WASHINGTON — A Trump loyalist who was recently appointed as Pentagon chief of staff is controlling the Biden transition's team access to Pentagon officials, even blocking some career officials and experts from giving information about key defense issues to the transition team and telling political appointees to take the lead instead, say two current and two former U.S. officials.
In some instances, the chief of staff, Kash Patel, who was assigned to the Pentagon after last month's election, has recast policy descriptions to include content that reflects favorably on Trump's policies before the information is shared with the Biden transition, two of the officials said.
"He told everybody we're not going to cooperate with the transition team," one of the former officials said of Patel, and he has "put a lot of restrictions on it."
Patel made it clear early in the process that senior political officials would attend transition team meetings and briefings dealing with significant policy issues, the officials said, which is having a chilling effect on the information being shared with the Biden team.
While mundane issues and requests for information from the Biden team are tasked out to Pentagon policy experts, the two current officials and one former official said some significant or time-sensitive policies — such as those involving Iran, Afghanistan, and North Korea — are being handled by political appointees, some of whom Trump recently installed, or not answered at all.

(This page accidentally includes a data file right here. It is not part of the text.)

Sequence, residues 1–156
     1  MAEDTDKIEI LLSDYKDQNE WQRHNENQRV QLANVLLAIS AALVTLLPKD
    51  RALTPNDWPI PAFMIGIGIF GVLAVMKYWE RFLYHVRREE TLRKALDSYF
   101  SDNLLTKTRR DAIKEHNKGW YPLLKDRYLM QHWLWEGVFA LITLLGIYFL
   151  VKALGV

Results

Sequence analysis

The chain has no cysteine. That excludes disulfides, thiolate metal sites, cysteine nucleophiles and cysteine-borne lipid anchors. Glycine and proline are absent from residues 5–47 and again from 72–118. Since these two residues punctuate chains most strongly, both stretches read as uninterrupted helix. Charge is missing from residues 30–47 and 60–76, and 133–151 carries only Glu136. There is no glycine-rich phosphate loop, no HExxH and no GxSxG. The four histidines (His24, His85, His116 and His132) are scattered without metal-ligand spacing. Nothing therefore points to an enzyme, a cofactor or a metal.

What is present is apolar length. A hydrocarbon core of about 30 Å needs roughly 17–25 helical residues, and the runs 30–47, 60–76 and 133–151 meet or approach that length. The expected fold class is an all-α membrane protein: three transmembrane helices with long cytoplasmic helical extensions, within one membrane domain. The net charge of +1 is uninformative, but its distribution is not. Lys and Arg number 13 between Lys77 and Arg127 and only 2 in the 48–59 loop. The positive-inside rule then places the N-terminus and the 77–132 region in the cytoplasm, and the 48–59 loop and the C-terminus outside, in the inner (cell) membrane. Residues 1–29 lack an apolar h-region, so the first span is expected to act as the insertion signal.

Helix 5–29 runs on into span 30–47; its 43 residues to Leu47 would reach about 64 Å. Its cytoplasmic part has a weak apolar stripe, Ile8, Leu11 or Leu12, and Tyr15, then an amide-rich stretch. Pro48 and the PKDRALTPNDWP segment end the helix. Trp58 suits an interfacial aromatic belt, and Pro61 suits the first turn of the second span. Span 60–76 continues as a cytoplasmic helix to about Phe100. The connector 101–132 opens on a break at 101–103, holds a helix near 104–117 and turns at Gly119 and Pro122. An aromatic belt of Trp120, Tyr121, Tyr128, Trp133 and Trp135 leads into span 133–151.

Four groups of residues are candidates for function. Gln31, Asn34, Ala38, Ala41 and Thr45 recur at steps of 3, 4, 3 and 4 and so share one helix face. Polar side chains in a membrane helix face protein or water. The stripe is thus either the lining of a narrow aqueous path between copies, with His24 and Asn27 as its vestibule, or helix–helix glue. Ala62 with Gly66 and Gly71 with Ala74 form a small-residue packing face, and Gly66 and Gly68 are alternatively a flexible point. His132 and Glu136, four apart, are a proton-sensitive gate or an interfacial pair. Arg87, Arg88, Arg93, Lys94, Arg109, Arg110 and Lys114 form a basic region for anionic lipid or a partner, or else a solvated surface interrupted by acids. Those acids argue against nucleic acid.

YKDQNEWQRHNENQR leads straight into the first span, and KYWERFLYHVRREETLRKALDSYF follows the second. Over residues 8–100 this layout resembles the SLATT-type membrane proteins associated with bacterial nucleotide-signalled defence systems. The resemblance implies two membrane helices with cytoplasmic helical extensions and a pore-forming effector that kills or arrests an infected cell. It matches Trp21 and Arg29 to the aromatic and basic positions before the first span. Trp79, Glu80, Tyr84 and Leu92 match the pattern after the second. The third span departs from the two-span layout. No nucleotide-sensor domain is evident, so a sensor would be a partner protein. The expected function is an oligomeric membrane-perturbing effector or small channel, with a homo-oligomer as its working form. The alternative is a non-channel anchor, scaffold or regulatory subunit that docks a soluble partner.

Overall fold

Historically, career civilians and military officials prepare many of the briefing documents and information during a transition, according to officials who have participated in past transitions.
Most requests for information from the Biden transition team go to Tom Muir, director of Washington Headquarters Services and senior civilian transition director, a current official said. Muir then briefs Patel, who weighs in on requests for interviews and which staffers will handle requests for information.
Some briefing documents have gone through Patel before going to the transition team, and he has put a political spin on some information and completely withheld it in other cases, according to the current and former officials.
"This has been more politicized than previous transitions," one official said. "Patel is controlling the information flow."
In some cases, according to the two current officials, the career officials have been completely cut out of the process, with political appointees taking the lead rather than the subject matter experts who handle the issues.
Pentagon officials have provided the Biden Agency Review Team (ART) with some briefing documents, according to a senior defense official and one of the former defense officials. In past years transition teams received binders, but this year the Pentagon has delivered iPads with information, the officials said.